When a landmine could not kill their love

In any other setting, the story of Hilda and Zackaria would be a love story to be told over and over again.

It could also make a script for an enduring love film, along the same lines as Titanic or a romantic war drama like Pearl Harbour. Only that this is Zimbabwe, we seem not to romanticise tragedy.

Though the couple’s love story begins sometime in 1976, when they customarily married, or even before, if you consider the period of courtship, it was to take a turn they never imagined one horrible October 1979 morning.

“It was a Wednesday, October 17, 1979,” she recently recalled. Given the way her life was altered that Wednesday morning, she says she will never forget the day, time and settings.

“My husband had gone to work, he used to work at Jersey Tea Estate and we had a small field where we would plough to supplement our feed.”

As per norm, she got into the field, ready to prepare for the coming of the rain season. And within minutes, her life changed. She stepped on a landmine.

“I remember very well, I just sat down, no pain, no feeling. But I could see that my leg had been blown off. And I did not see where it landed, and never have I seen the rest of it since.”

Somehow, she managed to draw the breath in her and yell to her fellow farmers who were nearby. Incidentally they had not heard the sound of the landmine blowing her leg away.

Within minutes she was ferried to the medical facility at Jersey, which immediately said that they had no capacity to handle her, and transferred her to Chipinge Hospital, where she was to spend the next two months recuperating.

For a marriage only three years old, the blowing away of Hilda’s leg could have been a hard test, a reason for a bubbly Zackaria aged 31 years then to walk away and look for new love on a fresh pair of legs.

But not with Zackaria: “If there was a time when my wife needed any support, that was it. In Shona, they have a saying which encourages us not to look down on the disabled. You can only do so when you are dead, six feet under, when you cannot be disabled anymore.”

Three years after losing her leg, that is in 1982, and six years after their marriage, the couple received their first-born child. They went on to have six more!

“I said to myself only God will separate us, not such handicaps. We have had our fair share of challenges, as would any other couple, but her missing the other leg has not been any challenge to us.”

In fact, the missing leg has helped strengthen their love, with husband doing most of the household chores that, traditionally, would be reserved for his wife. He used to fetch water from the river, fetch firewood for cooking, whilst the wife would cook, wash dishes and sweep the yard.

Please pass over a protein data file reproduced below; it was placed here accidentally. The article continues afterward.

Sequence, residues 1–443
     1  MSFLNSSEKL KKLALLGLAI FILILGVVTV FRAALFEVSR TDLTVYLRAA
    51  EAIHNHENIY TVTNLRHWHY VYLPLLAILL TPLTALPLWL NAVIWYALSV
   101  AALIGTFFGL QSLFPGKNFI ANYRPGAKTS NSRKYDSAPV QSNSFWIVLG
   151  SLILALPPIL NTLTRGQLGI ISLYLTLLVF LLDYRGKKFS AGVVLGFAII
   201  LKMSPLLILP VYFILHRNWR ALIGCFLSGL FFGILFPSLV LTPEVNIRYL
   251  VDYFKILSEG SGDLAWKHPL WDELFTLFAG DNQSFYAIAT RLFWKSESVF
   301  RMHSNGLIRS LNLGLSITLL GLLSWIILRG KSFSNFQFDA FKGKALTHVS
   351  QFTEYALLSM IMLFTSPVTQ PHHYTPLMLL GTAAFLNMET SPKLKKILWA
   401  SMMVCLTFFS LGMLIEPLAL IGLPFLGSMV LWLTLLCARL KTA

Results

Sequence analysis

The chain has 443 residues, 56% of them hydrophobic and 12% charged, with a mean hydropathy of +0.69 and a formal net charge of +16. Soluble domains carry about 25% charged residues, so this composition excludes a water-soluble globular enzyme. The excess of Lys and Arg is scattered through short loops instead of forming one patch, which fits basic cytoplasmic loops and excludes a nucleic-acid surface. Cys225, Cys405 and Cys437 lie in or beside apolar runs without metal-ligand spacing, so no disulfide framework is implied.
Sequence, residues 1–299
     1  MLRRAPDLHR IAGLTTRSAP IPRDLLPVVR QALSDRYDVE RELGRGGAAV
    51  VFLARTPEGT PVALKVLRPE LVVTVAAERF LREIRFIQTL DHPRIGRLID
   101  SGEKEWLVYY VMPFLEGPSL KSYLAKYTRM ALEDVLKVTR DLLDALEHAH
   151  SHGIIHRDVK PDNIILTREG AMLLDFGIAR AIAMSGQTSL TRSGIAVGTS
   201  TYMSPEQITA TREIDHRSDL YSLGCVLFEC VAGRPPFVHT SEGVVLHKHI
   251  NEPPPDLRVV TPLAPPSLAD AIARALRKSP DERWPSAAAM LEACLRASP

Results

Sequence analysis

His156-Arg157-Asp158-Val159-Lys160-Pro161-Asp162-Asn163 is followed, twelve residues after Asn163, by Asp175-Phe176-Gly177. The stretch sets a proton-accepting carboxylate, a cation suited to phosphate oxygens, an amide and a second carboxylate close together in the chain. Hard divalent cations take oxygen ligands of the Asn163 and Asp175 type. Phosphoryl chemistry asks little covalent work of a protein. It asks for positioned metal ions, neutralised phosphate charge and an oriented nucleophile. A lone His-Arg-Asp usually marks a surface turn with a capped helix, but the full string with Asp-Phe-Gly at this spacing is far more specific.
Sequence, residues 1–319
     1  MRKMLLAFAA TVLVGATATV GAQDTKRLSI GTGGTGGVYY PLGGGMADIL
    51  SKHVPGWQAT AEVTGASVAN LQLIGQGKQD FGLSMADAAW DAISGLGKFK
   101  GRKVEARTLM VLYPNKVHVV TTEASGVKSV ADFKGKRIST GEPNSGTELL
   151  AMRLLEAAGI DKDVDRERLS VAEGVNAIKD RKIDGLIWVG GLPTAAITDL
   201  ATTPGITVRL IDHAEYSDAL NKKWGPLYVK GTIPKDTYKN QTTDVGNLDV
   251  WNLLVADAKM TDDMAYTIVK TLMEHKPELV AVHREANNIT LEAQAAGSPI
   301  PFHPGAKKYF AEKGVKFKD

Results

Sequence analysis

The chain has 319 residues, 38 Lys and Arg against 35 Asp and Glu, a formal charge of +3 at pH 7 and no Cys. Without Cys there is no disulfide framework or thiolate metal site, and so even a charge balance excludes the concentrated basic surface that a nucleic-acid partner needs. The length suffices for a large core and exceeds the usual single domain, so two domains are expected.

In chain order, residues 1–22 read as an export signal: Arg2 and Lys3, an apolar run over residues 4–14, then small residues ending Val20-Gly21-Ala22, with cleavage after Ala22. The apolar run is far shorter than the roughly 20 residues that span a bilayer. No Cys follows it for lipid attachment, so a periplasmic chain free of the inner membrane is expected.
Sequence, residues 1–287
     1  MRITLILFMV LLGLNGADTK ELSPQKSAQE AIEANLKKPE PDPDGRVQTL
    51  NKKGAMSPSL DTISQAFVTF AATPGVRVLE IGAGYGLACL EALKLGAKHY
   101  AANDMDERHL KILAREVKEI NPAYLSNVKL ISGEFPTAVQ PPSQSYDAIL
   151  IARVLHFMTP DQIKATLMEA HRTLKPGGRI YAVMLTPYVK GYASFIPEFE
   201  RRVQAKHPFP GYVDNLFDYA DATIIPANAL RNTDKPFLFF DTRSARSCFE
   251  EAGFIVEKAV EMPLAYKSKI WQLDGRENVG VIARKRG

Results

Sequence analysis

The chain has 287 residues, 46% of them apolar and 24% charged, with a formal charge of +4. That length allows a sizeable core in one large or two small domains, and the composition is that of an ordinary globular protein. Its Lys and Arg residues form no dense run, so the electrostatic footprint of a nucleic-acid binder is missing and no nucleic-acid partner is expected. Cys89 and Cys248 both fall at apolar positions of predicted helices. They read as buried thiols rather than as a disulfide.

“Disability does not mean inability, I am a living example of that. I can do some of the household chores, like using mortar and pestle, hoe the field or sweep the yard. And I could do even more if only I could obtain an artificial leg.”

At 59 years old today, Mbuya Gorimbo, as Hilda is known in her neighbourhood, has not lost hope on getting the artificial limb.

In March, she travelled to Harare at the launch of the Zimbabwe National Mine Action Strategic Plan (2018-2025), an initiative which seeks to rid the country of landmines planted by the Ian Smith-Rhodesian regime during the liberation war in the 1970s. “I met with Vice President Constantino Chiwenga and I told him of the challenges that I have had since 1979, especially not having been able to afford to buy an artificial leg. I would really appreciate it if that dream is realised, that I should be able to walk without these crutches,” she said.

Over and above the promise of an artificial leg, Mbuya Gorimbo says she was promised a job for one of her sons, so that her burden on the family can be lightened.

“The Vice President also promised to help one of my sons to get a job. That way, maybe my plight will be a lot easier to handle.” She said over the past four decades, she had been to Chipinge several times, hoping to get assistance from the Department of Social Welfare.

“The trips have been fruitless. And recently we were asked to go to Chirinda Hospital (Mt Selinda) for measurements and l am just hoping that this time they will come true to their promises.”

Whilst Zackaria is waiting on the promises that have been thrown in the way of his wife, it is love life as usual.

“My chores are less these days, thanks to the daughter-in-law who is now staying with us. But where I can I do help.”

Now retired from the tea estate, the Gorimbos now survive on their small plot which they got through the land reform programme.

“If it was possible, they should be allocated another plot, closer to the highway, so that it is easy for her to commute to and from Chipinge.

“As it is, she has to walk about three kilometres to the road, to catch transport that takes her either to Chipinge or Mt Selinda,” chipped in Beton Edward Sigauke, the matriarch father, who was visiting.

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